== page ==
Thursday, August 7, 2008

Zucchini Blossoms

I’ve got this great dad, see, and every once and a while my mom drags him down to DC for a visit. It’s not like he doesn’t like me, it’s more like he abhors the traffic.

And I get that – he was born and raised in Delaware (like me) and has chosen to stay there his whole life (unlike me) and rather enjoys his short commute and plethora or parking options whenever he goes (really, really unlike me).

So when he comes to town (and you, too, mom) I want it to be extra-special. Brunch at Crème, mussels at Bistro du Coin, wine on our roof deck. Chewy chocolate chip cookies that stay uncovered on the counter, eaten between every meal. And special items picked with care from our farmer’s market.

I grew up with a garden, (courtesy of my dad’s sweat and hard labor) that stretched along the side of our acre-long backyard. So unlike now, as I have to pay premium prices and wake early to get the best of the produce at the market, as I child I merely walked outback with a bucket and started picking. I hope one day I can share the passion of gardening with my own children, the feeling of accomplishment as the first cabbage heads pop up, the carrots start to sprout, the beans are strung neatly on vines, placed in pods like pearls. The satisfaction of biting into a juicy red tomato or a fried green one. But for now I’ll rely on my market for fresh vegetables. And I’ll plot and plan. (Or, plan my plots!)

This weekend’s family visit (and simultaneous visit to the farmer’s market) called for zucchini blossoms. Beautiful, yellow leaves surrounded by pale green pricklies. Now I know that last month’s issue of Bon Apetit taught us that stuffing these lovelies with cheese was a bit passé, but it’s also incredibly delicious. And I’m pretty sure my dad’s not that concerned with being cool, anyway.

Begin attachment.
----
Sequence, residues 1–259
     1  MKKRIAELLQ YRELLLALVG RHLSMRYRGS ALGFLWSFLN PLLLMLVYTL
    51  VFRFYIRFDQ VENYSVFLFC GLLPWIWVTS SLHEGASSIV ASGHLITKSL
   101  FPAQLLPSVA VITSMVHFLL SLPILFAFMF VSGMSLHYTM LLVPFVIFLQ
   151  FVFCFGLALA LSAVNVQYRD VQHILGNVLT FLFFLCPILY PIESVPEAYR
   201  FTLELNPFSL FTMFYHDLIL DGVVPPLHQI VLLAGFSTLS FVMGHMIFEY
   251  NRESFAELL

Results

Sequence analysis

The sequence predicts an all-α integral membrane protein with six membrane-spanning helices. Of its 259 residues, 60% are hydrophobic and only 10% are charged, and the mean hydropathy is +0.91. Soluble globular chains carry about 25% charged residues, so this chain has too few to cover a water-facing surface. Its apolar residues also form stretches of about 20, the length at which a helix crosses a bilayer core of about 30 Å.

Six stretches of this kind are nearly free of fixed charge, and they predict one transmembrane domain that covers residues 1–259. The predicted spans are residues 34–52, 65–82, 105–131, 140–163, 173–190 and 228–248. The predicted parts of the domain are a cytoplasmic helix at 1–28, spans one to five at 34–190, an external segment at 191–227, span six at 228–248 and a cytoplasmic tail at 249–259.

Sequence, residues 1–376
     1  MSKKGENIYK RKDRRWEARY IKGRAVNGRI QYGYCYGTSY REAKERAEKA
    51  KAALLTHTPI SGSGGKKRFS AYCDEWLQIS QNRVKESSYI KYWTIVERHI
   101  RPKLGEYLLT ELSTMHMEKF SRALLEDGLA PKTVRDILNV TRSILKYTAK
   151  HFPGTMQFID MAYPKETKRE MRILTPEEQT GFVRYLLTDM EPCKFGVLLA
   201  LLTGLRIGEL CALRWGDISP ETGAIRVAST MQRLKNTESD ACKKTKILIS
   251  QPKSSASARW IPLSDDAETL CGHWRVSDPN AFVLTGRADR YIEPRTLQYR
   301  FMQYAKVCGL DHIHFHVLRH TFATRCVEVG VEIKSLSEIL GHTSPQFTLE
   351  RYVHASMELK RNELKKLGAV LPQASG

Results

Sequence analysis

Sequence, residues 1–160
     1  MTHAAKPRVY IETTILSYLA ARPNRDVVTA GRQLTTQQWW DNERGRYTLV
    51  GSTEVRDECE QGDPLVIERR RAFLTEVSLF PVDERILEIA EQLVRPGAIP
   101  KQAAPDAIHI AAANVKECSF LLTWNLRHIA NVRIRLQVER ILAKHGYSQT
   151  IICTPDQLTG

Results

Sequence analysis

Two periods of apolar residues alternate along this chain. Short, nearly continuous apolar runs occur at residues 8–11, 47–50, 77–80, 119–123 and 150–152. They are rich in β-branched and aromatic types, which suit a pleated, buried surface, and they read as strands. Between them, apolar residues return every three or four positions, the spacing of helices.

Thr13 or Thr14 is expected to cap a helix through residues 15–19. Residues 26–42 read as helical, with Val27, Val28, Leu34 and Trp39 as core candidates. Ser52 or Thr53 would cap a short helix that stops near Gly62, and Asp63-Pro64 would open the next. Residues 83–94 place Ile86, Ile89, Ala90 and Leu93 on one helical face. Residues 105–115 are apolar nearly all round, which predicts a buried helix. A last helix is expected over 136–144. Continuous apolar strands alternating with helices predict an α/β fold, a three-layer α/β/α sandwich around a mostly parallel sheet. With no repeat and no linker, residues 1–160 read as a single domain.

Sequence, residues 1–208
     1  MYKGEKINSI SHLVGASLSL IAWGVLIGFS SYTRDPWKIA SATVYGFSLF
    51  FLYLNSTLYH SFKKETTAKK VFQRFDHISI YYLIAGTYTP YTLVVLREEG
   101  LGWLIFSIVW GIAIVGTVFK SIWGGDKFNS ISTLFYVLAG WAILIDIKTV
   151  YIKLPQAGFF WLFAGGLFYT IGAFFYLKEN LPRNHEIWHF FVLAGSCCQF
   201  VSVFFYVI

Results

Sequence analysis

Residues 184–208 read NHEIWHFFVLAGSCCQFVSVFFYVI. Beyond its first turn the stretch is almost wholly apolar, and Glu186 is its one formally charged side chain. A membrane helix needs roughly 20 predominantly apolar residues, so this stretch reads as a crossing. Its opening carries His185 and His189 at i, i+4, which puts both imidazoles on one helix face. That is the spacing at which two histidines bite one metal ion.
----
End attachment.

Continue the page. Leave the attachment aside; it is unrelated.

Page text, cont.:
Fried Zucchini Blossoms with Ricotta Cheese
(Inspiration borrowed from Mario Batali’s Fiori di Zucca Fritti, naturally)

12 zucchini flowers
1 cup fresh ricotta cheese (I prefer to make my own, or use Keswick Creamery’s)
1 egg
1 small or medium onion, finely chopped
¼ teaspoon nutmeg
½ teaspoon ground sea salt
Dash of ground black pepper
1 large golden tomato
½ cup extra-virgin olive oil, plus 2 tablespoons
3 tablespoons red wine vinegar
Basil leaves (fresh if you have them, but dried works fine)

Open the zucchini flowers and remove the stamens. Be careful not to rip the flowers. I found fishing it out with one or two fingers worked best. The stamens snap pretty easily.

In a bowl, stir together the ricotta, egg, onion, nutmeg, and salt and pepper. Using a small spoon or scraper, stuff each blossom with the filling. Try to ensure that the filling is far enough into the flower that it won’t spill out too much into the pan when cooking. You may want to arrange the tips of the petals over the filling on the top, creating a cap. This will help with spillage, too. Set aside.

Chop up the tomato into cubes. Combine the tomatoes, ½ cup of the olive oil, vinegar and basil leaves in a blender and blend until smooth (the mixture will appear creamy). Pour the mixture through a strainer set over a bowl and set aside.

Preheat the oven to 200°F. Line a baking sheet with paper towels.

In a frying pan, heat 2 tablespoons olive oil over medium-high heat. Place 3 or 4 flowers into the pan and cook (spread them out and only cook a few at a time…they’re delicate when flipping and need the room), turning once, until golden brown on both sides. Transfer to the baking sheet and keep warm in the oven while cooking the remaining batches.

Arrange 3 or 4 blossoms in a shallow serving bowl, and drizzle with the tomato dressing to serve.

I served these with a baguette, which was perfect for soaking up extra tomato sauce.


saucytart said...

this seems divine! I have some lovely blossoms that are crying to be stuffed. nice writing too.

FoodyGuru (Srimathi) said...


Thank you for giving me a lead to using the flowers. I have posted using the Indian cheese and linked back to your post. Please do visit